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News > Commentary - Saying No To “Yes Men”
Saying No To “Yes Men”

Posted 1/18/2011   Updated 1/18/2011 Email story   Print story

    


Commentary by Lt Col Jason E. Corrothers
21st Comptroller Squadron commander


1/18/2011 - PETERSON AIR FORCE BASE, Colo. -- You've seen them, I've seen them, we've all seen them - the "yes men". You know who I'm talking about - the person that's the first to agree with the boss, the one who has that special knack for catering to the ego. The one that says things like, "Sir yes sir, two bags full". Okay, maybe they don't say things quite like that anymore, but you get the idea. I submit to each of you that we need to challenge ourselves and say "no" and that in doing so we'll move this wing, this command and this Air Force to new heights.

In discussions of leadership, we often hear about two sides of the same coin - leadership and followership. As I share my thoughts with you today, I'd like to hit upon a concept that links to each - the criticality of critical thinking. Not only as a commander, but as a fellow Airman, one of the traits I've come to admire the most is courage. Here, I mean courage not in the wartime sense of taking a hill against insurmountable odds, or in family terms of volunteering your house for a slumber party of ten-plus kids (don't get me wrong, each takes real guts). What I mean in this case is intellectual courage. That confidence and conviction to speak up and challenge conventional thinking - even if it means saying no, while the others are saying yes.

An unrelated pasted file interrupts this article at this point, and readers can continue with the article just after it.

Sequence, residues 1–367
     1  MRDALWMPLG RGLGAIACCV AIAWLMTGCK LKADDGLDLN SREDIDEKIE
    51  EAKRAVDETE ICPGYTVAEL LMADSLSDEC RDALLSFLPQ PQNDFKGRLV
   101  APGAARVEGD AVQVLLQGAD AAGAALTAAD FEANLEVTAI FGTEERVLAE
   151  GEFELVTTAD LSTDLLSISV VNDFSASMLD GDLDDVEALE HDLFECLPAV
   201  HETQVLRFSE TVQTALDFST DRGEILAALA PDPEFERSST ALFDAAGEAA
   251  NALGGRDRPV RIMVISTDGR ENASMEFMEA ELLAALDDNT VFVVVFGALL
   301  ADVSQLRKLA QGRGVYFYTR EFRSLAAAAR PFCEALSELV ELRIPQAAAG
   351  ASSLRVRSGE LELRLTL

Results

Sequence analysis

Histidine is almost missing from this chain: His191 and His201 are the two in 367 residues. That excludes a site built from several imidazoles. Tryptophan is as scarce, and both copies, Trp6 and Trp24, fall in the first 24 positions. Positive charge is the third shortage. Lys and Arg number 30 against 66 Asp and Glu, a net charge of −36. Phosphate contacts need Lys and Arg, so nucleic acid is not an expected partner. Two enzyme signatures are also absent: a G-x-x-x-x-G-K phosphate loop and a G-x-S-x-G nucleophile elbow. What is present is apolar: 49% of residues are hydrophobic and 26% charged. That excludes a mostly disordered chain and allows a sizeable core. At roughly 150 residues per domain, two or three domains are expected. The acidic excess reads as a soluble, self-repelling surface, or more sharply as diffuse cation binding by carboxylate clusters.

In my estimation, the strength of the Air Force lies not in its technology (which is stunning by all accounts) but in its people. It's our people that make us the world's greatest Air Force. It's our people that possess the ideas that make the unimaginable reality. Knowing this, I think it's personally and professionally important that we look to foster a climate that values critical thinking - in all ranks. We're stronger as an organization when we listen for the "no". When we listen for the dissenting view, we open ourselves up to additional possibilities and ultimately additional insights that allow for better decision-making. As Airmen, we owe that to our leaders - to critically think through recommendations or ideas and offer our own inputs. Simply remaining silent or doing the bobble-head dance compromises the heights to which our organizations can achieve.

I'm not encouraging you to shoot down what your boss or peers are trying to do. I'm encouraging you to take an active part in finding a way to make what they're trying to do better by thinking of ways to improve upon it - and that's not often done by simply saying "yes". When ideas are tee'd up by the boss, it's an easy out to say "Yes Ma'am/Yes Sir - great idea". However, the real value and the real courage comes in saying "I see where you're going, but have you thought about this...what about trying it this way?" That's the kind of person I want to serve with. Good leaders don't and shouldn't need ego boosts (though feel free to complement me on my aerodynamic haircut or amazing wife). What good leaders need most are folks with the intellectual courage to challenge existing ideas and processes and those committed to seeing this Air Force "Fly, Fight and Win" in astonishing fashion.

So what say you - "Yes" or "No"?



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